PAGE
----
When a famous marijuana-using singer said, “When you smoke the herb, it reveals you to yourself,” he was probably not referring to prediabetes. But new research shows that people using marijuana, and also those who have previously used the herb, are more likely to develop prediabetes than those who never used marijuana.
While the researchers from the University of Minnesota School of Public Health established a link between marijuana usage and prediabetes (the state of poor blood sugar control that can progress to type-2 diabetes), they were not able to do the same for marijuana usage and type-2 diabetes.
The complete details of the study are published in the journal, Diabetologia.
The prevalence of marijuana use in the U.S. by individuals who are 12-years or older has increased since 2002. In the last National Survey on Drug Use and Health, done in 2013, an estimated 19.8 million people were currently using marijuana for health reasons or recreational purposes. As many states are enacting policies that permit medicinal or recreational use of the herb, the number of marijuana users is going to see a sudden upward spike.
But in spite of the growing movement to make marijuana usage legal, not much is known about marijuana side effects, and the herb’s effect on metabolic health. There have been conflicting reports stemming from previous studies on this subject; some studies suggest marijuana can result in low blood sugar and reduce the risk of diabetes, while others show that the drug is linked to an increased calorie consumption.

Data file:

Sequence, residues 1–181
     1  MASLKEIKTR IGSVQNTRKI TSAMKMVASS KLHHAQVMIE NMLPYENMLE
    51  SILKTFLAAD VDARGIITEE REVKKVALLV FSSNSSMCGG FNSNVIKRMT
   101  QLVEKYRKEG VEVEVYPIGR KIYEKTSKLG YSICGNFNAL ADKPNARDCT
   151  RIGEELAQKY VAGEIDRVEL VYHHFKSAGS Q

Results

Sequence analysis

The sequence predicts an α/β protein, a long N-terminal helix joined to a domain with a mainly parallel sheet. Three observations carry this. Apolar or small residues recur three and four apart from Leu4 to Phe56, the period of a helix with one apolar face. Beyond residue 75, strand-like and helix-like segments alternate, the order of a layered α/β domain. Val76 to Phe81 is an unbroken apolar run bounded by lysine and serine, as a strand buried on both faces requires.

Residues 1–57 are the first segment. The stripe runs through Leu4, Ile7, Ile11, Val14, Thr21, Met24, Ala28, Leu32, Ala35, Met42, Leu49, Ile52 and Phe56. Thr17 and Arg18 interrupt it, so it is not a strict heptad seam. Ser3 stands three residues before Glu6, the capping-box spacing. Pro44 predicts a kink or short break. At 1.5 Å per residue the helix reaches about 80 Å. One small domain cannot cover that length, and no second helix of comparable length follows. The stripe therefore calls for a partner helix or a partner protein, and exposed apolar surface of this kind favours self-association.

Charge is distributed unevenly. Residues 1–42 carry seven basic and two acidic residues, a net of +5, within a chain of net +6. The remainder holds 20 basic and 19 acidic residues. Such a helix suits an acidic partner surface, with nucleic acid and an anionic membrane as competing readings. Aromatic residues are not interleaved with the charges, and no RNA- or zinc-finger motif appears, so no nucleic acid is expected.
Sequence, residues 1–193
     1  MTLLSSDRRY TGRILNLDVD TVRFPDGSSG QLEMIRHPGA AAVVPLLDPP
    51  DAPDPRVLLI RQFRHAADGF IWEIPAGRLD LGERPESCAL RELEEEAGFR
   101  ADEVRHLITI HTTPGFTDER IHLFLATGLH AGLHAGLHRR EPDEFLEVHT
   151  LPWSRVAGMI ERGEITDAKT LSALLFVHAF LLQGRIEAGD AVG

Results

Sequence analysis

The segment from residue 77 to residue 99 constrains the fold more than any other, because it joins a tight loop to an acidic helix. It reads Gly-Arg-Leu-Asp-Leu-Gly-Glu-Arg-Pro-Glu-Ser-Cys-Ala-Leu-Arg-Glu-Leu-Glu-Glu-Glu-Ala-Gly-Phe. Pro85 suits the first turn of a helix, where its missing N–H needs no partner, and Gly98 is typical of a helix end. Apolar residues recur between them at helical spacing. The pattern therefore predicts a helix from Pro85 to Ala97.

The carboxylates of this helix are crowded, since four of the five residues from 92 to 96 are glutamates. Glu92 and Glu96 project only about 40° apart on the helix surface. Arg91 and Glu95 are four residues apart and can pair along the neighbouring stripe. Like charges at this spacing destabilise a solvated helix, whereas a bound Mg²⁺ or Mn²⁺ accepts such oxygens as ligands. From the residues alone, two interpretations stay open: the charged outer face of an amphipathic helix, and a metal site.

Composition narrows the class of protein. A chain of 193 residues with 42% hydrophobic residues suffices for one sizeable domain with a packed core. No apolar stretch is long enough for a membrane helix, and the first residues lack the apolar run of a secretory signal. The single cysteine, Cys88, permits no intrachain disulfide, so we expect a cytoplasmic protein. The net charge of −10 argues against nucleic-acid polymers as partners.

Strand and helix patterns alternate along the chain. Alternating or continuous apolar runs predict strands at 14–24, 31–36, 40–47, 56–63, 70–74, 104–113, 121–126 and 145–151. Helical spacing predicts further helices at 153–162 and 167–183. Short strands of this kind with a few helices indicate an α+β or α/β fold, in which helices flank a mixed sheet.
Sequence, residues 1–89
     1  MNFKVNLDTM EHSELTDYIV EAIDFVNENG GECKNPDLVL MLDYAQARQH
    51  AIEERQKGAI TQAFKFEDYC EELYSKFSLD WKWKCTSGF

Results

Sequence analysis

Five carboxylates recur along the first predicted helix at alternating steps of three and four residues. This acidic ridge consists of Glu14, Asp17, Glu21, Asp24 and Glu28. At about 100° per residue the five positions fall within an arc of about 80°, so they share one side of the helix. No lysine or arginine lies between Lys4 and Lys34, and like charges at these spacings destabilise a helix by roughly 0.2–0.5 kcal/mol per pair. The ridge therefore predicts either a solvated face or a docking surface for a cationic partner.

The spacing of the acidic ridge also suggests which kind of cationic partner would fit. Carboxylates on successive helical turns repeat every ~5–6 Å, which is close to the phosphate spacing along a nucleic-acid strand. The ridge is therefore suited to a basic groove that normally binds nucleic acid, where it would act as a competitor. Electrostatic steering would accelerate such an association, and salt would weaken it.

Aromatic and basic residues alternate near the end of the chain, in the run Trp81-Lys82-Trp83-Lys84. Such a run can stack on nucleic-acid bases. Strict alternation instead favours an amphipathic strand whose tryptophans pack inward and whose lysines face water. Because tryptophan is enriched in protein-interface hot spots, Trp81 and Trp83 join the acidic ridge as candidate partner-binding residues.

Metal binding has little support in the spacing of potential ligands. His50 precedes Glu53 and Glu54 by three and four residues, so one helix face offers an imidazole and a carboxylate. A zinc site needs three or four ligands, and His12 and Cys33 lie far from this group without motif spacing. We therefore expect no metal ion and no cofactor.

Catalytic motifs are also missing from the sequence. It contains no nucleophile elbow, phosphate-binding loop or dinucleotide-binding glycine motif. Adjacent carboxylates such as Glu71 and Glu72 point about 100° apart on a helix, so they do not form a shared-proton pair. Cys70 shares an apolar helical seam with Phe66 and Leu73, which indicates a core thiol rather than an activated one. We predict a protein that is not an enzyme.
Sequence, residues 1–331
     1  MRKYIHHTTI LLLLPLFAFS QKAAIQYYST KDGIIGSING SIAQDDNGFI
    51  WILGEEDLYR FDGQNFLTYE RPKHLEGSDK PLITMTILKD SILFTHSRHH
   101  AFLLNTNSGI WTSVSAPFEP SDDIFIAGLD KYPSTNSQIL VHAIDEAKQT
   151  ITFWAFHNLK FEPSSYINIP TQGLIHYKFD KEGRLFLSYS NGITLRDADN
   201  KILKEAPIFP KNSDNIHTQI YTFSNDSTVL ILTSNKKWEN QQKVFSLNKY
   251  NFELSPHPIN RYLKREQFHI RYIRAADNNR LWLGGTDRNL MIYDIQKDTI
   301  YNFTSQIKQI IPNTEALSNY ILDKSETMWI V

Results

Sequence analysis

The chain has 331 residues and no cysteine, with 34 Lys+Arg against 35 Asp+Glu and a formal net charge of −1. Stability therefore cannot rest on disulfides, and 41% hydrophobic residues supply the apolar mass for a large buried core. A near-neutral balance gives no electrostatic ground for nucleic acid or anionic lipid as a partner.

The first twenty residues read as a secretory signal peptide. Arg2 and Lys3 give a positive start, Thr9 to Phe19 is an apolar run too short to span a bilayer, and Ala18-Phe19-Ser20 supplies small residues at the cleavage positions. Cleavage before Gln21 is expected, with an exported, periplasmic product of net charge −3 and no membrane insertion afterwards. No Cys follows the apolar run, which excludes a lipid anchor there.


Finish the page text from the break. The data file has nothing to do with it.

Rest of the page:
In this new study, the team took into consideration both quantity used and status of current use while investigating the link between marijuana use, concurrent prediabetes and full blown type-2 diabetes. Given that the diabetes risk profiles by race and gender are vastly different in both the sexes and in different races, the team looked at the effects of sex and race on the associations with diabetes.
To determine marijuana use and its association with prediabetes and diabetes, the team used data from the community-based Coronary Artery Risk Development in Young Adults (CARDIA) study.
The decades-spanning study recruited individuals in the 18-30 age group from 1985 to 1986. The team has been following these individuals for the past 30 years trying to find an association between marijuana usage and prediabetes.
The results showed that there was a significant decline in the percentage of individuals who self-reported current use of marijuana. The percentage declined from 28 percent between 1985 and 1986 to 12 percent from 2010 to 2011.
When compared to individuals who never used marijuana, there was a 65 percent increased risk of prediabetes in current users of marijuana. In those who are not currently using marijuana, but have a history of using the herb more than 100 times, the increased odds of having prediabetes was 49 percent.
However, there was no association between marijuana use and full blown type-2 diabetes.
The team of researchers conclude that occurrence of prediabetes in middle adulthood was significantly increased in young adults who used marijuana more than 100 times in their lifetime. They hope that future studies will be able to objectively measure marijuana use in relation to prospective metabolic health, and thereby help in blood sugar management.
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